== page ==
A Defense Of JTB
In "Is Justified True Belief Knowledge?," Edmund Gettier argues that Plato's theory of knowledge equalling justification, truth and belief is false. Within Gettier's argument, he makes justifications using false ideas. In this paper, I will argue that Gettier's argument fails because justification cannot be made on false ideas and thus JTB (Justification, Truth, Belief) can continue to function as the definition of knowledge.
Plato's Theory of Knowledge states that if a person S has a belief P, if P is actually true and S is justified in having P, then S in fact knows P. For example, I believe that there is a Mac Book Pro in front of me. This is in fact true- there is indeed a Mac Book Pro in front of me. I have justification to believe that there is a Mac Book Pro in front of me because I am using it to type this paper. Therefore, by JTB, I know there is a Mac Book Pro in front of me.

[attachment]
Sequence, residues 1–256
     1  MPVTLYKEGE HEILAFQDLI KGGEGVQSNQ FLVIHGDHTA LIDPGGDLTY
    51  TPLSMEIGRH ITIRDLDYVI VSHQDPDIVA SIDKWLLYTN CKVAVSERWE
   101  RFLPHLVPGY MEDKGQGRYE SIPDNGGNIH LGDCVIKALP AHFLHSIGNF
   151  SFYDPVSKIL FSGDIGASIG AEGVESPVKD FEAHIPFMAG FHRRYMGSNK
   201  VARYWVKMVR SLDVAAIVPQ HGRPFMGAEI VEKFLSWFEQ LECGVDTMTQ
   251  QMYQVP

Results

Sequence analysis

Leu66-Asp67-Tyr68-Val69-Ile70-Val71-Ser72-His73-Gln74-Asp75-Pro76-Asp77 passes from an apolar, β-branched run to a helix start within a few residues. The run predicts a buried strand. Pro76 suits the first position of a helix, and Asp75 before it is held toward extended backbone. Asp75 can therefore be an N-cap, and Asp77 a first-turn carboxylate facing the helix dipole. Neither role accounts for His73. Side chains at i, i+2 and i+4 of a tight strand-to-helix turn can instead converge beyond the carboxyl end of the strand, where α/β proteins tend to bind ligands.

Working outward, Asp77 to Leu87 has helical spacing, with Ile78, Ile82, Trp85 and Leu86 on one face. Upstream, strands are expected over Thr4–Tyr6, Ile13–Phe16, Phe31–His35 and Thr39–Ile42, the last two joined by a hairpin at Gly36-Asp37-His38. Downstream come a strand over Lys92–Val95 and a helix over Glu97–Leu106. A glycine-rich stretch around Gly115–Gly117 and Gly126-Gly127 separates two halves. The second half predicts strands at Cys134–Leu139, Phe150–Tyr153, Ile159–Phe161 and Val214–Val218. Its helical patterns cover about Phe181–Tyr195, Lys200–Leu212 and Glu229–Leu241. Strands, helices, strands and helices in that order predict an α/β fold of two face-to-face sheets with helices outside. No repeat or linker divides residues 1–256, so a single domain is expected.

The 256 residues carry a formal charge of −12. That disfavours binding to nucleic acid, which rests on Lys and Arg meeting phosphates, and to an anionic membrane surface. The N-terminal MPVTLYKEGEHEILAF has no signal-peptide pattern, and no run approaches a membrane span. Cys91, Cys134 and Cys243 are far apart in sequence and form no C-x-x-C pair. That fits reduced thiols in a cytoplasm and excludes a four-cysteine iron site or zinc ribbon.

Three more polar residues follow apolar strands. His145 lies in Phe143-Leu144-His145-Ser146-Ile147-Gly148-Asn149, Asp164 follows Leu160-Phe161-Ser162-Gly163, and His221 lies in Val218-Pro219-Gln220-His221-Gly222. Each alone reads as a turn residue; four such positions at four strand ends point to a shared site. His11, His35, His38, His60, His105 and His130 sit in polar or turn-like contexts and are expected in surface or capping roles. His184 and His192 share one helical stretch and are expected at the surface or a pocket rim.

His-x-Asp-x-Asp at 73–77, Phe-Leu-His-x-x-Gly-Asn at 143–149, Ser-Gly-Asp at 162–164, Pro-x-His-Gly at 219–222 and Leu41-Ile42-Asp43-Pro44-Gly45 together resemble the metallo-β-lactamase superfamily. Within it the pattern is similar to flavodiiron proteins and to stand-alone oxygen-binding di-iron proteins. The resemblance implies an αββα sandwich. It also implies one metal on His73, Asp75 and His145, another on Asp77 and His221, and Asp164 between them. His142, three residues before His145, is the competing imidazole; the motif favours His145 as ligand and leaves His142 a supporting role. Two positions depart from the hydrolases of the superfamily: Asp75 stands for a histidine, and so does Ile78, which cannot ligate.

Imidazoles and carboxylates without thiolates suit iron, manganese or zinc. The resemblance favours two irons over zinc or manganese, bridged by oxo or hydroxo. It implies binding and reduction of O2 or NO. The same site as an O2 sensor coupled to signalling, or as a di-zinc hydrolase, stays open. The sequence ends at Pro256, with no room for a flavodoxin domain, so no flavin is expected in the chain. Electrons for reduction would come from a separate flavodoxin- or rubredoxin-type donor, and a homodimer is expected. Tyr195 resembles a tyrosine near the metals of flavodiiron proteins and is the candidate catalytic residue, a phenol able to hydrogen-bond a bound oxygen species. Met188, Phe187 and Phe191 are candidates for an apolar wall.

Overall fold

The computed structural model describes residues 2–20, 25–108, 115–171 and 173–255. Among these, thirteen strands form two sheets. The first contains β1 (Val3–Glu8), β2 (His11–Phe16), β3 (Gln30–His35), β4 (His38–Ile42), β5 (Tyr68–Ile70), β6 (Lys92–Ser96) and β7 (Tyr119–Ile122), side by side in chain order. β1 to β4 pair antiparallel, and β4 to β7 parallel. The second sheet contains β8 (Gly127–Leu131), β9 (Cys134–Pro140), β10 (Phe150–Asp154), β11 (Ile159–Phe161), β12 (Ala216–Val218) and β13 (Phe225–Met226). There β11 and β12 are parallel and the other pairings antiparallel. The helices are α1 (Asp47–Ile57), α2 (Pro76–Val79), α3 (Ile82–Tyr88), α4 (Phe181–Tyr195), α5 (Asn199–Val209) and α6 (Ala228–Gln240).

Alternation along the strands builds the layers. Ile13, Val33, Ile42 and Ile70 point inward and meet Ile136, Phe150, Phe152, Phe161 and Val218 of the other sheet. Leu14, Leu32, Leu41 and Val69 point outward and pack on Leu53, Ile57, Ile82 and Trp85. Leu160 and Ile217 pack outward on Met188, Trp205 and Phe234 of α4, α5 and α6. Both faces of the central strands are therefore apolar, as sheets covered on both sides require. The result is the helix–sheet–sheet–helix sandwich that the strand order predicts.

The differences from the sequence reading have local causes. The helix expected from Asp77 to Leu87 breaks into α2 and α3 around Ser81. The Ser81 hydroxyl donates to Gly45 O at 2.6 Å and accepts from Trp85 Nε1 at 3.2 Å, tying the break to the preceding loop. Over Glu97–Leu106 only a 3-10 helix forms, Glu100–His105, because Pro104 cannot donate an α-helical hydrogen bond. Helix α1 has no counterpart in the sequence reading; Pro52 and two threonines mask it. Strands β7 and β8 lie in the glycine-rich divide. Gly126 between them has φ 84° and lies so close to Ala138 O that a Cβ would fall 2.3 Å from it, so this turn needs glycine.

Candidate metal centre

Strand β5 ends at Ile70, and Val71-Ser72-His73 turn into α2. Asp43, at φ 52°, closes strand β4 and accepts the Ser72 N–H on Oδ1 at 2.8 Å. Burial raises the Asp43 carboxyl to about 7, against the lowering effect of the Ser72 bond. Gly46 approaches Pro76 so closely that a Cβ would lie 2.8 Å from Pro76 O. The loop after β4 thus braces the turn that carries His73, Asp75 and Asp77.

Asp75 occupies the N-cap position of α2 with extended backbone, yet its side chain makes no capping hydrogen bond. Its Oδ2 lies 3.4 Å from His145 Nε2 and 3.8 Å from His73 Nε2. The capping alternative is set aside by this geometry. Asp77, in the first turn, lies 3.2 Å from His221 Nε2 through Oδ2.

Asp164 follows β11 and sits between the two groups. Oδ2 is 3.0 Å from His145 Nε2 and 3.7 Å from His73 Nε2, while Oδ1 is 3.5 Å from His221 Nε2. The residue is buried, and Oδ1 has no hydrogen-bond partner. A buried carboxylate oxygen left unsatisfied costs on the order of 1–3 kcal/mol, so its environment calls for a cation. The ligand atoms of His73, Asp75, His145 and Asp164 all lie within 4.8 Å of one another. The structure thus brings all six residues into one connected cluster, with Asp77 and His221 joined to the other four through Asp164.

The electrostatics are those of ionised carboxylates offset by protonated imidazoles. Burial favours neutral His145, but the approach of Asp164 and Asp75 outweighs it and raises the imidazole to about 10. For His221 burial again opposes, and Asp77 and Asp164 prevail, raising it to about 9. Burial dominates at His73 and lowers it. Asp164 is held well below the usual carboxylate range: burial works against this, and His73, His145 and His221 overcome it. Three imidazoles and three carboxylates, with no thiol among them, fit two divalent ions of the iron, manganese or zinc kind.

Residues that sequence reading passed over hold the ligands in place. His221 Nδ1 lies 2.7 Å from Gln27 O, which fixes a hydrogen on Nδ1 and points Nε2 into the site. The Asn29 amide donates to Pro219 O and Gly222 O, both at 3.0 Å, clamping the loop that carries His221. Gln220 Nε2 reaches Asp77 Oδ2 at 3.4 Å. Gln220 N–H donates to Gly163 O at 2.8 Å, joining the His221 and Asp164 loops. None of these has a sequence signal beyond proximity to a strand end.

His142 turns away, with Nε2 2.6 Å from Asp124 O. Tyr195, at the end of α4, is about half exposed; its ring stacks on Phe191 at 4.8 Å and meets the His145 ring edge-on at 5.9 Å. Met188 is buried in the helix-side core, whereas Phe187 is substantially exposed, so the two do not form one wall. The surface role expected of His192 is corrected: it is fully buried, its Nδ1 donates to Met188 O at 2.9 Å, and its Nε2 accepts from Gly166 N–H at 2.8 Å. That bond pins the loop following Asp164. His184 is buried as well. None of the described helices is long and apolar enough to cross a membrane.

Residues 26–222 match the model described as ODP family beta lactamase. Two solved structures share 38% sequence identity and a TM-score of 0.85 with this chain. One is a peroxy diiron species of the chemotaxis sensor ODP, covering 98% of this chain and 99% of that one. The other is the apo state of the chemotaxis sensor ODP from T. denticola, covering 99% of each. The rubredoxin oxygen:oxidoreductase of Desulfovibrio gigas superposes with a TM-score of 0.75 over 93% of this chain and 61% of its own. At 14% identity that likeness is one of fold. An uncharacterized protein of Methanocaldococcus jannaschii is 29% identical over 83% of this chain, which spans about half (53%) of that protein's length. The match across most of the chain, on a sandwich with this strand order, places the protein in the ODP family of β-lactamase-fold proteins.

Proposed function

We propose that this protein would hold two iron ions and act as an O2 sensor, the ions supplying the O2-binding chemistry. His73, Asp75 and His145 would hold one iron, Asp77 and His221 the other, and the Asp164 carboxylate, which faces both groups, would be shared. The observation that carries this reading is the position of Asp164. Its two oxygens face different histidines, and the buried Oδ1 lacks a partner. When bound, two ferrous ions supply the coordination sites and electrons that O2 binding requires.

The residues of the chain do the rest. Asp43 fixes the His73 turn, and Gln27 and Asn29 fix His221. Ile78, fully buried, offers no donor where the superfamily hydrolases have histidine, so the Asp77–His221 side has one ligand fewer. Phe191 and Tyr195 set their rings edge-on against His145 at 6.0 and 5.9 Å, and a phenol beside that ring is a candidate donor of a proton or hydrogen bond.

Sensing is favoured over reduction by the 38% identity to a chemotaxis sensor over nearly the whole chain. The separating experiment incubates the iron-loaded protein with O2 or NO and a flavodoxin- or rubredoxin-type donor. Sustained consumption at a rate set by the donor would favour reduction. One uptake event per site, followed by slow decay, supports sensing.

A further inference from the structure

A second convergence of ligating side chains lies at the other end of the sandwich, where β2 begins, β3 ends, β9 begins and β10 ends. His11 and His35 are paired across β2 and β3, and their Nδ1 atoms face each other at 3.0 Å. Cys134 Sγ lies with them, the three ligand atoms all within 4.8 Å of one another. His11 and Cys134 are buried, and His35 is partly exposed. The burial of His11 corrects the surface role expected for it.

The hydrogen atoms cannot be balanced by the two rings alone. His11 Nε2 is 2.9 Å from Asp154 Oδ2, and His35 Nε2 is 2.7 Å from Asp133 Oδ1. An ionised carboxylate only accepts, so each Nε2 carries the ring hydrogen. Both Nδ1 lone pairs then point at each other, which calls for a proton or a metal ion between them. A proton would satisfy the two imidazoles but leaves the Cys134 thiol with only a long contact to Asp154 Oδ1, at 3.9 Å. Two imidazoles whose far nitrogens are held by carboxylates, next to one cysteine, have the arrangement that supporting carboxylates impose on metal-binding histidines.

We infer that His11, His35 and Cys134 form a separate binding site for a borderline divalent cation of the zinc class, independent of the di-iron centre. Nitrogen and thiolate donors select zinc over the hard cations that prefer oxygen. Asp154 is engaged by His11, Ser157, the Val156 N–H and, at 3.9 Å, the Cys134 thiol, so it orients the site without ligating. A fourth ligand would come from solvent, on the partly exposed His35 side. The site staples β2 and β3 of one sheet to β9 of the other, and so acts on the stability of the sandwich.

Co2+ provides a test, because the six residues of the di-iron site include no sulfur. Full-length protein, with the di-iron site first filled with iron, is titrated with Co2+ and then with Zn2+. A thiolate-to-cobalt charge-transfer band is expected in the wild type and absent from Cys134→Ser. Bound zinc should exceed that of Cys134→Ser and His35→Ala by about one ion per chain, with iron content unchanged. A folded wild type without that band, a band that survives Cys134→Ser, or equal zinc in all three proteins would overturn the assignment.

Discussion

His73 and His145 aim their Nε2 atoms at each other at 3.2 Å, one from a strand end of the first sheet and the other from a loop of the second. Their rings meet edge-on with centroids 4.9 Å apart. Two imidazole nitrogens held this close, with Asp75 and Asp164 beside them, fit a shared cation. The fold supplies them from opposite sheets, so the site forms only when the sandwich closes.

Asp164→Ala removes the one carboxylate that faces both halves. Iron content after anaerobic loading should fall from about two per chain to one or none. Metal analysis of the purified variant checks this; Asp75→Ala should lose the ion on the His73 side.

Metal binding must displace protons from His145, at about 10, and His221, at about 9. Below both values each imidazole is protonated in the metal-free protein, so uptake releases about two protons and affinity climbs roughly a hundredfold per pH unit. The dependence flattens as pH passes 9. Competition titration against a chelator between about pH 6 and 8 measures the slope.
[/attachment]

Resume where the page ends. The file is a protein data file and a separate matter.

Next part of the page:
To Gettier, however, the idea of JTB does not constitute knowledge. To illustrate his point, Gettier preposes an example involving two job candidates, Smith and Jones. Smith and Jones have both applied for the same job. At work, Smith is told by the company president that Jones will get the job. He also sees Jones counting the coins in his pocket, perhaps to buy a snack with later, and see that Jones has ten coins in his pocket. Therefore, Smith reasons that the person who will get the job has ten coins in his pocket, a justified conclusion. However, it turns out that the president was wrong and Smith in fact gets the job. By sheer coincidence, Smith also finds he has ten coins in his pocket. This means that Smith's belief that the person who gets the job will have ten coins in his pocket is actually true. In this example, Smith holds a belief S that the man who will get the job has ten coins in his pocket. He has justification for believing this because a person with credibility, the company president said that Jones was getting the job and he saw...
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